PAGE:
Nissan electric taxi leaving Better Place battery switching station, Tokyo, April 2010
Visitor center adjacent to Better Place battery switch station, Tokyo, April 2010Enlarge Photo
Better Place press conference for Tokyo electric taxi demonstration, April 2010Enlarge Photo
This past Monday, the electric-vehicle infrastructure provider Better Place held a press conference in Tokyo at the site of its first completed battery-swap station to be put into regular usage, in the Ropongi Hills area.
Together with Nihon Kotsu, Tokyo's largest taxi company, the company will test four fully electric taxis operating in regular duty in Japan's capital city for three months. Each cab racks up 170 to 180 miles a day over 18 hours of service a day.
Modified Nissan crossovers
The cabs are specially modified versions of the Nissan Dualis (sold in the U.S. as the 2010 Nissan Rogue compact crossover). Each carries a 17-kilowatt-hour lithium-ion battery pack that will provide roughly 90 kilometers (56 miles) of range.
That's a smaller pack than the 24-kWh versions to be used in the electric Renault Fluence vehicles that will be the first Better Place cars in volume production. Better Place says switching out the lithium-ion battery takes only 60 seconds.
But, explained Julie Mullins, the goal wasn't to maximize the taxis' range but to test the pack-swapping process and the effects of frequent swaps on the battery packs themselves.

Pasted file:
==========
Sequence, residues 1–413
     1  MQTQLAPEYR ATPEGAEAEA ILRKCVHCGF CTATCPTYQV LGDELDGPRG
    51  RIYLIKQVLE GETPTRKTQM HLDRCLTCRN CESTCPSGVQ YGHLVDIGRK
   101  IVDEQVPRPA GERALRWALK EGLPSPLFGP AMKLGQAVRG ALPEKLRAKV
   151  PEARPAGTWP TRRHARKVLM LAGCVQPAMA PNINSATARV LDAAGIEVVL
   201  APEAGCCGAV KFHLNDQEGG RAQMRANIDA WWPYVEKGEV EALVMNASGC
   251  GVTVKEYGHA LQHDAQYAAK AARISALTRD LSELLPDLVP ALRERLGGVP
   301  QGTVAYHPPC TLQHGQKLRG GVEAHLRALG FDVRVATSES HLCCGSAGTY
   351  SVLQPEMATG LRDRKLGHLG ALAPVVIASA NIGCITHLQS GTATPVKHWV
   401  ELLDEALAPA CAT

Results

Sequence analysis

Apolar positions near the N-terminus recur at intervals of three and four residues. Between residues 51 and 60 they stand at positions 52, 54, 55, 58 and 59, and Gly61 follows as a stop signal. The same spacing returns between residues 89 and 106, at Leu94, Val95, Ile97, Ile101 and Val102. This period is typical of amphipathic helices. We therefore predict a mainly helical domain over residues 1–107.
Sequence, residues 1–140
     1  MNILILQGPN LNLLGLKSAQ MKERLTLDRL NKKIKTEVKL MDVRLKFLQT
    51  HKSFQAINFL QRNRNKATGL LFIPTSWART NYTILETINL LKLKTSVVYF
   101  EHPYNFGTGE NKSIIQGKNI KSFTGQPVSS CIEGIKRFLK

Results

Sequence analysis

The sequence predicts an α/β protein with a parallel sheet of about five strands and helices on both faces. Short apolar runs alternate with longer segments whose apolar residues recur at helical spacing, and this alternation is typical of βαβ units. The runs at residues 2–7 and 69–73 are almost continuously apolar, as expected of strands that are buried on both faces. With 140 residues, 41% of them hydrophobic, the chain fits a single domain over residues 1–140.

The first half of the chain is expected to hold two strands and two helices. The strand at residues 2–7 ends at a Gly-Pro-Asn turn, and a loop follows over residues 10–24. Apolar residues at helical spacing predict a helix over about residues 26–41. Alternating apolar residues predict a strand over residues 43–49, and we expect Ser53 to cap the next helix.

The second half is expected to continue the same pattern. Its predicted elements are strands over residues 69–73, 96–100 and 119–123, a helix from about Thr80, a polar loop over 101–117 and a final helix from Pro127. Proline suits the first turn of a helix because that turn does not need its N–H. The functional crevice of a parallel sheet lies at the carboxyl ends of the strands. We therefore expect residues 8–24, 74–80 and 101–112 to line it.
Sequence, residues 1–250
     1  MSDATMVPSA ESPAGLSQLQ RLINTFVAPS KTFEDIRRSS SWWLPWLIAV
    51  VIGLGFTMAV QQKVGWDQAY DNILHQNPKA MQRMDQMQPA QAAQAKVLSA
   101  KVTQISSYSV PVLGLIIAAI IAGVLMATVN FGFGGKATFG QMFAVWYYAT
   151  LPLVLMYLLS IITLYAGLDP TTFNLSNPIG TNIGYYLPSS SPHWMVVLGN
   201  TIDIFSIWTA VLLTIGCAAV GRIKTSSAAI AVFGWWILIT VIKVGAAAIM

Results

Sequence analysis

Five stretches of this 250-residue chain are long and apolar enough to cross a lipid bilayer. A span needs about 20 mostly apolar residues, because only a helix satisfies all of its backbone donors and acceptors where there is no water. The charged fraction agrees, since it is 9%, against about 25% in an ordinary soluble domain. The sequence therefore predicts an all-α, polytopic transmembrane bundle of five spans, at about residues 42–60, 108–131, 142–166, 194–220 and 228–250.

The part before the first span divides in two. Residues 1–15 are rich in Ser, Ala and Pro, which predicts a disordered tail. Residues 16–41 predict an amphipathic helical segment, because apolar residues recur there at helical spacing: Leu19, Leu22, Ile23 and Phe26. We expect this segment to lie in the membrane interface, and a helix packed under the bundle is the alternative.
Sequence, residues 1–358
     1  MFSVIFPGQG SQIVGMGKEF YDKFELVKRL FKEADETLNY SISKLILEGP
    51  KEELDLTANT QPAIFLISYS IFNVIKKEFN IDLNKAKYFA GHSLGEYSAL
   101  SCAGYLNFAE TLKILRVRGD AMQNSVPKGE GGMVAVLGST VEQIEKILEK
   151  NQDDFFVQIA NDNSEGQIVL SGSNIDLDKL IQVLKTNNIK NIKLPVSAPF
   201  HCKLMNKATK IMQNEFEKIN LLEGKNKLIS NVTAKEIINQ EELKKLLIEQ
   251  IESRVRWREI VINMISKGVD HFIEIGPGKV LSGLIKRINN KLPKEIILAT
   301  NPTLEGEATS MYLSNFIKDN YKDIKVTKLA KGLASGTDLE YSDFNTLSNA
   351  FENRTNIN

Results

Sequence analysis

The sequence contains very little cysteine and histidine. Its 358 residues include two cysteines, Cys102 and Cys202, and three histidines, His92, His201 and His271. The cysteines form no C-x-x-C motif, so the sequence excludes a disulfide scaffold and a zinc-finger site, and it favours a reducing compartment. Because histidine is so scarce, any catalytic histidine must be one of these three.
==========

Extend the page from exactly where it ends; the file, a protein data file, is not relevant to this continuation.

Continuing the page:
Customers who hail the electric cabs and request lengthy trips to distant destinations will be redirected to a conventional hybrid or gasoline taxi.
Electric taxis are ideal for dense urban environments, as they use little energy while stopped in traffic and produce no vehicular emissions. The drawback, though, is the lengthy recharge time--which is what the battery switching is meant to address.
Tokyo's 60,000 taxi cabs represent 2 percent of vehicles on the road, but emit fully 20 percent of total emissions due to their continuous use. That number, by the way, exceeds the combined total cab fleets of New York, Paris, and London.
Selling transportation like cellphones
Founded in 2007 by entrepreneur Shai Agassi, Better Place proposes to sell transportation by the kilometer to customers in Israel, Denmark, and other markets.
The cost of the vehicle and the electricity to recharge it will be rolled into those fees, rather as mobile phones are sold in packages of minutes that include a free or discounted handset.
Better Place will provide Renault Fluence sedans to customers when it launches in Israel in the second half of 2011. Nissan and Renault are partners in electric-car technology, which will launch first in the 2011 Nissan Leaf compact hatchback that goes on sale late this year.
The Fluence is just the first electric car for Renault, which showed four electric models at last fall's Frankfurt Motor Show. One ACE reader in Denmark interviewed the Renault distributor on both companies' rollout plans in that country.
Swap stations in Tel Aviv and Tokyo
The Tokyo test came about after Better Place demonstrated its battery-swapping technology in Yokohama last year. Japanese government officials suggested the trial as a way to ascertain how practical the battery swapping would be in real-life use.
The Tokyo event follows February's opening of a battery-swap facility and informational center inside a former gasoline tank outside Tel Aviv, Israel. Better Place won a further $350 million in funding from financial institutions and venture capitalists that same month.
Never shy, founder Agassi boldly predicted at the Tokyo rollout that by 2022, every taxi cab would be electric.